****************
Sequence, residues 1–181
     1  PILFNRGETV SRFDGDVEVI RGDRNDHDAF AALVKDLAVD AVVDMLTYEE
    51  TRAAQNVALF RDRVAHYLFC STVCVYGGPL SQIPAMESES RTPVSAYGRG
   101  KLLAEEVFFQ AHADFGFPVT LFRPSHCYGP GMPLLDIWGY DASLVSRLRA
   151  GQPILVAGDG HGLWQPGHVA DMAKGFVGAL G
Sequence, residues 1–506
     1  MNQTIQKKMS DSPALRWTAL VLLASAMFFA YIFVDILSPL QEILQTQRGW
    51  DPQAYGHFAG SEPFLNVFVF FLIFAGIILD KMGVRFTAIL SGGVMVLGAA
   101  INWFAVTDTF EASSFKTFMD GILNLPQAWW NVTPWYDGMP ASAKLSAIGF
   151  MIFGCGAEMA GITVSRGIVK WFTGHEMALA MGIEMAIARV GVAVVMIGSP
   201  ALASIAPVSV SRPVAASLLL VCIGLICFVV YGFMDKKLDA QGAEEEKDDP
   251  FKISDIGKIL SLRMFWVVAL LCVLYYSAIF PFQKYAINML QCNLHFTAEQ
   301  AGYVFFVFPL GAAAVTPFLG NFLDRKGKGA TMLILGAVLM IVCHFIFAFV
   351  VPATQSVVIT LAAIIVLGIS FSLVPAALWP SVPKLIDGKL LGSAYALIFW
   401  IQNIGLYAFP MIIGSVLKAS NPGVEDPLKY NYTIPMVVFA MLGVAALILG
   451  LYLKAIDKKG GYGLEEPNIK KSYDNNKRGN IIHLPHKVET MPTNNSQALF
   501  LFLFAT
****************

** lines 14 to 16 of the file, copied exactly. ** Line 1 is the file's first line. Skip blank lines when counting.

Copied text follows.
   351  VPATQSVVIT LAAIIVLGIS FSLVPAALWP SVPKLIDGKL LGSAYALIFW
   401  IQNIGLYAFP MIIGSVLKAS NPGVEDPLKY NYTIPMVVFA MLGVAALILG
   451  LYLKAIDKKG GYGLEEPNIK KSYDNNKRGN IIHLPHKVET MPTNNSQALF